A Macat analysis of Odd Arne Westad's The Global Cold War: Third World Interventions and the Making of Our Times.
Cambridge: Cambridge University Press, 2005
The title of Norwegian-born historian Odd Arne Westad's 2005 work - The Global Cold War: Third World Interventions and the Making of Our Times - offers a window into his thesis. Between the end of World War II and the early 1990s, both the Soviet Union and the United States "intervened" (or "offered aid and support to") developing nations in Africa, Asia, and Latin America. In Westad's view, these interventions were more important than events in Europe, where most studies of the Cold War focus. They destabilized the Third World and laid the foundations for contemporary problems and conflicts in the Global South.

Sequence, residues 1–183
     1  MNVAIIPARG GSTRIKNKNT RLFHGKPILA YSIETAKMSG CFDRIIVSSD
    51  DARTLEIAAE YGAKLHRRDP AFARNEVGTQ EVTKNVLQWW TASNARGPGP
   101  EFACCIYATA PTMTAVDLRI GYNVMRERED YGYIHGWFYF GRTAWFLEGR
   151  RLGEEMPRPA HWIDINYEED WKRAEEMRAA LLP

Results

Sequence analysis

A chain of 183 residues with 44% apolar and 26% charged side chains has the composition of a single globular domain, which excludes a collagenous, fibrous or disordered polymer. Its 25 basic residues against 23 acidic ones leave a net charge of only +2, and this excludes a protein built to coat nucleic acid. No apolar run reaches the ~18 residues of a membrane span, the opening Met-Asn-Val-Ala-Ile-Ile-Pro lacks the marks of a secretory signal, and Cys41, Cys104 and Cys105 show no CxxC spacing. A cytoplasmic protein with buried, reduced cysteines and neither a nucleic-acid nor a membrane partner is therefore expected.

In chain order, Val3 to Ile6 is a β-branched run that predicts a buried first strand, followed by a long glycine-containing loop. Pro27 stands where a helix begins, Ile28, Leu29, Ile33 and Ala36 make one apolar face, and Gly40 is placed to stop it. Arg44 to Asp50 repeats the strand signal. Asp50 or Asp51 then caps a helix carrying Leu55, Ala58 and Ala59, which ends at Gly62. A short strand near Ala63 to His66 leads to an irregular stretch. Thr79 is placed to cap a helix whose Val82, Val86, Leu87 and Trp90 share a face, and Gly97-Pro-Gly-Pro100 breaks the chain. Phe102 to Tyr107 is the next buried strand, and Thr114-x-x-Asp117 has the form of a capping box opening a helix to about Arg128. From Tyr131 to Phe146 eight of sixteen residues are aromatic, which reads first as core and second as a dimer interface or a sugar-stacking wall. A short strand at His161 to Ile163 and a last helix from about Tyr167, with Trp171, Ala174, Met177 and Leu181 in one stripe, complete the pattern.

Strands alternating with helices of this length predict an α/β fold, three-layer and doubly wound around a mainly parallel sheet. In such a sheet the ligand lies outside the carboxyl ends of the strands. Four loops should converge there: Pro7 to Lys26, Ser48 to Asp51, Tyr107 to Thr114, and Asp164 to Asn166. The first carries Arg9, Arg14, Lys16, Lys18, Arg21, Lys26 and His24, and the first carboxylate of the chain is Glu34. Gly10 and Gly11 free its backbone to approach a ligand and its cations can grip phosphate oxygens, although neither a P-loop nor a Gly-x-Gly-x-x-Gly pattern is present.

Using new archival sources that became available after the fall of communism, The Global Cold War is the first example of the "New" Cold War History school of thought, which links all the international arenas where the struggle took place. An important addition to studies of the Cold War and international history in the 20th century, The Global Cold War helps make sense of conflicts still raging today.
You can find out more about how Westad's ideas have been challenged and applied - and how his work has impacted on thinkers in other academic disciplines - by exploring further in the Macat Library.
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